The company didn’t indicate any plans to extend its unlimited unpaid time off policy, which was announced in March. The policy allowed workers to stay home without pay and not face any penalties for being absent."
Same questions as with Stop & Shop.
• Tyler, Texas-based Brookshire Grocery Co. announced that it "is giving its nearly 14,000 retail employees an additional special bonus installment that equals up to a half-week’s pay. This second discretionary bonus complements the first bonus given in March for a total of one-week’s pay. This is in addition to a temporary pay increase of $1 per hour through May 1, 2020."
The company said that it "has already invested $8 million including the first half-week’s bonus pay, increased wages for those in our stores and logistics, an extra employee discount, on-site meals, and a compensation plan for those who may be directly affected by COVID-19. The company has also made several favorable changes to benefits including temporarily waiving co-pays for medical services delivered via MDLive."
• The Wall Street Journal writes that "roughly half of all U.S. workers stand to earn more in unemployment benefits than they did at their jobs before the coronavirus pandemic shut down wide swaths of the U.S. economy, and employers say the government relief is complicating plans to reopen businesses.
"The package of coronavirus stimulus laws Congress passed and President Trump signed in March included a $600 boost to weekly unemployment benefits through July 31. As that support is added to state benefits over the coming weeks, the average weekly payment to a laid-off worker should rise to about $978 from the $377.97 the Labor Department said was paid on average late last year."
• Sad story in the Boston Globe about Amaral’s Market in Fall River, Massachusetts, which for more than four decades was "a pillar of the city’s Portuguese community, a family-run store stocked full of homeland specialties: fresh seafood, tomatillos and serrano peppers, chorizo from the in-house butcher.
"Sisters Laudalina and Juvenalia Amaral staffed the registers while their kids bagged the groceries. Customers came from miles around."
But, the Globe writes, "in the space of just three days, the Amaral sisters and Juvenalia’s daughter, Grace Amaral-Dias, died from COVID-19, a family tragedy that has touched off an outpouring of grief across the city and beyond … The entrance to the shuttered market is now a shrine. A mound of bouquets is piled at the doors, wilting sunflowers, dozens of roses, a vibrant pink orchid. Tucked among potted chrysanthemums and a tall white lily, are prayer candles, and a statuette of a patron saint. Cellophane-wrapped bunches of carnations are taped to the glass doors."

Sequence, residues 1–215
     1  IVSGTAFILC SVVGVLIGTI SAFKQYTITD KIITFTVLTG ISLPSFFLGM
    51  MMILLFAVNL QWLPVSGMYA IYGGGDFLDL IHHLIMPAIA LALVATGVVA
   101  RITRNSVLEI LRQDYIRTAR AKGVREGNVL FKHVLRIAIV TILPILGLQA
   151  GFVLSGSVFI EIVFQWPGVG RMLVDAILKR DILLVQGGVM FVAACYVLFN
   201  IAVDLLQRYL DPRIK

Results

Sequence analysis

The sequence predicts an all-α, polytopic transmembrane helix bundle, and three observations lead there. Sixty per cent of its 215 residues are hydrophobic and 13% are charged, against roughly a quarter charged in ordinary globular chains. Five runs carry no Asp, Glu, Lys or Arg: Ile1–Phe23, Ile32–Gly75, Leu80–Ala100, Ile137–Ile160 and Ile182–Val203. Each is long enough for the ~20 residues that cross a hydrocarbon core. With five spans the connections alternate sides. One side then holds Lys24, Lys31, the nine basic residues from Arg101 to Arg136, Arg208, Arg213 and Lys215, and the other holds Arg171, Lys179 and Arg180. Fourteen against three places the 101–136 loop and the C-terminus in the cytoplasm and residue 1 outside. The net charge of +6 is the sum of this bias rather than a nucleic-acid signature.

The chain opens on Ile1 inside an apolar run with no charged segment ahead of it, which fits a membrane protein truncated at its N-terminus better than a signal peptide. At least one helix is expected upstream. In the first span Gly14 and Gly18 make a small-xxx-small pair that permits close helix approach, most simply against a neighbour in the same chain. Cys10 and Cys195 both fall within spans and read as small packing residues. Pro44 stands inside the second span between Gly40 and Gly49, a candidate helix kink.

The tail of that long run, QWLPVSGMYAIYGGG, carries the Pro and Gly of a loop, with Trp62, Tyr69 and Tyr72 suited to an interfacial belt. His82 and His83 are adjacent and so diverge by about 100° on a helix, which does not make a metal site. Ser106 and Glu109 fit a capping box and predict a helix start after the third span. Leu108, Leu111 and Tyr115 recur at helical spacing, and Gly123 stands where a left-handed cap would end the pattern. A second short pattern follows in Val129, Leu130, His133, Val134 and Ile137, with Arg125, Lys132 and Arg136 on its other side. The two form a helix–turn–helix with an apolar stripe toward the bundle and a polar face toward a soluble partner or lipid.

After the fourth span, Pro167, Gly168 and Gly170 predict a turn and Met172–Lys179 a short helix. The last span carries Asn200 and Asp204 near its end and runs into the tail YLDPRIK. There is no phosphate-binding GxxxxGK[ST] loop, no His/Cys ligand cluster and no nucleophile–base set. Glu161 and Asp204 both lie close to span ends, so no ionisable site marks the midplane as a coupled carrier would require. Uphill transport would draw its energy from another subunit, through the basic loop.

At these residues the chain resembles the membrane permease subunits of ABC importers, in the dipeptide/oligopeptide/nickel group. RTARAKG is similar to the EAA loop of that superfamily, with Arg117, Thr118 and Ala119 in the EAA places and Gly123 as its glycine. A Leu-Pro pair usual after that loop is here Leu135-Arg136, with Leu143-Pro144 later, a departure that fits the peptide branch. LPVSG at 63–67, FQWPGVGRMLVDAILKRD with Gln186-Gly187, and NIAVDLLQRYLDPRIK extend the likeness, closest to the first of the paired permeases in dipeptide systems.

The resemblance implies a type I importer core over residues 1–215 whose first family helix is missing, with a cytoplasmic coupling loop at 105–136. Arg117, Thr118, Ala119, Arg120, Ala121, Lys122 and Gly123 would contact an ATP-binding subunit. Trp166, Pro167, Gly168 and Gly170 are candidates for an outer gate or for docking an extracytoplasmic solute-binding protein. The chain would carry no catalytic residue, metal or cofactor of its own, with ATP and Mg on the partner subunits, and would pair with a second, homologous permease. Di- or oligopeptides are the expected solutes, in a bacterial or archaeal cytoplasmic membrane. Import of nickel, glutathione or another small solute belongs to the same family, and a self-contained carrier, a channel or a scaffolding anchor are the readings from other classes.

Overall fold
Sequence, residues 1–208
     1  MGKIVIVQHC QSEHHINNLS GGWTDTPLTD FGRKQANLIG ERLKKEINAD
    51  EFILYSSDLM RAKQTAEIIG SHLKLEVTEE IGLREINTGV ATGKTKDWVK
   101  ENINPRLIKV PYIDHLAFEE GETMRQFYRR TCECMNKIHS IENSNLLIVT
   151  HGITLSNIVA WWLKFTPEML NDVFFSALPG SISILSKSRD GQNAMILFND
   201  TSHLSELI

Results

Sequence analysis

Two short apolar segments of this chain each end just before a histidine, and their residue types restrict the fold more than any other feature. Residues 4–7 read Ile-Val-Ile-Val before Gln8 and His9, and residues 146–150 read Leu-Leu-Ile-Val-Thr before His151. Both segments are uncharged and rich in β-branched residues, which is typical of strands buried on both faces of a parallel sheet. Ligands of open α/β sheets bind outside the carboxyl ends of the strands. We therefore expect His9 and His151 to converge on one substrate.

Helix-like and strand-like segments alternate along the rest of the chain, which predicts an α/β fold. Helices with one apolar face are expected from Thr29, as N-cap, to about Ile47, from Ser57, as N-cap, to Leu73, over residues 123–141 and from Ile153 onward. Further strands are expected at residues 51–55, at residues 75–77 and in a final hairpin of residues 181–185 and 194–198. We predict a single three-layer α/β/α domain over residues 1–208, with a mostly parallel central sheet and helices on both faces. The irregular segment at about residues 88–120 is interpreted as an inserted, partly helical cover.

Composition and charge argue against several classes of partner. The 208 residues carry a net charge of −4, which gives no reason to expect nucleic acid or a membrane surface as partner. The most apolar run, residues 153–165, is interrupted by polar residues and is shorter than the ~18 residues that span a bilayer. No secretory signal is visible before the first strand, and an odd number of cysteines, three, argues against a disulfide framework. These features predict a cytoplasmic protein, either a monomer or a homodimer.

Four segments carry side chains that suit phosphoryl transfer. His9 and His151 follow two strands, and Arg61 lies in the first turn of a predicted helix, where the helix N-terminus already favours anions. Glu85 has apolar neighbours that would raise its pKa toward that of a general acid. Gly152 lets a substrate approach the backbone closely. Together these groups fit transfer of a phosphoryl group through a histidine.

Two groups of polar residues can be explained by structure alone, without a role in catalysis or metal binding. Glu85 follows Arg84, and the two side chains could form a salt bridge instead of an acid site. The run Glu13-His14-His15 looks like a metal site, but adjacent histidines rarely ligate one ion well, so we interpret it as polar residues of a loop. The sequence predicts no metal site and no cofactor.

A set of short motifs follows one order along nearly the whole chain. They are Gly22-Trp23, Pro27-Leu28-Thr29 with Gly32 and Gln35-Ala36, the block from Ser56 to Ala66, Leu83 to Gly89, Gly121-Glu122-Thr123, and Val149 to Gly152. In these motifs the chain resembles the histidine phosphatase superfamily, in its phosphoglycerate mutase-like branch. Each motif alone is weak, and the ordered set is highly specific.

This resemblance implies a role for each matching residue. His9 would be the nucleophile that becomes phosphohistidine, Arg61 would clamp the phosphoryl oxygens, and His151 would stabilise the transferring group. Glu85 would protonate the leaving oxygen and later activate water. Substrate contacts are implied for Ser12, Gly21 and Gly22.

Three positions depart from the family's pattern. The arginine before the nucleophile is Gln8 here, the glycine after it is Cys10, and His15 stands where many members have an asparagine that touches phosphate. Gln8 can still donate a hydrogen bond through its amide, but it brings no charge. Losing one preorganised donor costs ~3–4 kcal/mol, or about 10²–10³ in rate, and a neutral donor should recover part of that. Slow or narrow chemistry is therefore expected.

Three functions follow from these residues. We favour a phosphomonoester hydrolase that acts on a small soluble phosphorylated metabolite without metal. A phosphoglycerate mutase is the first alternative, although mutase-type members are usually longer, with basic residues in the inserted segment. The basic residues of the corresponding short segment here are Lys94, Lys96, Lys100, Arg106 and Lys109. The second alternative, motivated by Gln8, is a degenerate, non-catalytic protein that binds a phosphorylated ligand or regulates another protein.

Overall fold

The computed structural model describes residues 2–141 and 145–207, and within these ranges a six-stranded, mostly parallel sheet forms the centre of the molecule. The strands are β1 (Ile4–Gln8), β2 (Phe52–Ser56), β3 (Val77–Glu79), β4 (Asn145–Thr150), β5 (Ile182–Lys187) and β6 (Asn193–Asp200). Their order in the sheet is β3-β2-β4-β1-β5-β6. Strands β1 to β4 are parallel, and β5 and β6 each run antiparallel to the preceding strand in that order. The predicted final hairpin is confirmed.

The Globe story makes it clear that that Amaral family always was an essential member of a community that spanned both faith and commerce, and in many ways defined the deep Portuguese roots that are planted in Fall River. This is a sad story, devastating for the people it directly affects, but also instructive for businesses that wonder about the nature of being essential.
• Axios reports that "plants in more than a dozen states have closed in recent weeks, spanning beef, pork, poultry and fish," and "many more plants are struggling to remain open despite significant outbreaks."
One reality: "More than 25% of U.S. pork production is now offline because of plant closures," with Rep. Collin Peterson (D-Minnesota), chairman of the House Agriculture Committee saying that shortages of pork could occur "as soon as next week," and that "60,000–70,000 pigs a day will need to be euthanized" because of supply chain breakdowns.
Axios writes that the bottom line is that "America's farmers have long feared that everyday citizens were clueless about how their food gets made. Unfortunately, it appears that this education is now happening in a flash."
They've got that right.
• From the New York Times:
" Amazon may have violated federal worker safety laws and New York State’s whistle-blower protections when it fired an employee from its Staten Island warehouse who protested the company’s response to the coronavirus outbreak, according to a letter the office of the New York attorney general, Letitia James, sent the company last week."
The story notes that "Amazon has been under pressure for the safety of its hundreds of thousands of workers who are packing and shipping products to millions of homebound Americans in the pandemic. The company has rolled out various safety measures at its warehouses across the country, such as temperature checks and mandatory masks, but it has faced protests at several facilities from employees who have said they feel unsafe. As of early April, workers at more than 50 of its warehouses in the United States had contracted the coronavirus."
I've said this before, but I'll repeat it. Amazon has allowed this narrative to get away from it, and while I recognize that it is of a size that makes it hard to resolve these issues, that's no excuse. Amazon has to bring the same sort of alacrity it brings to all its other endeavors to fix this problem in a way that is persuasive, transparent and effective.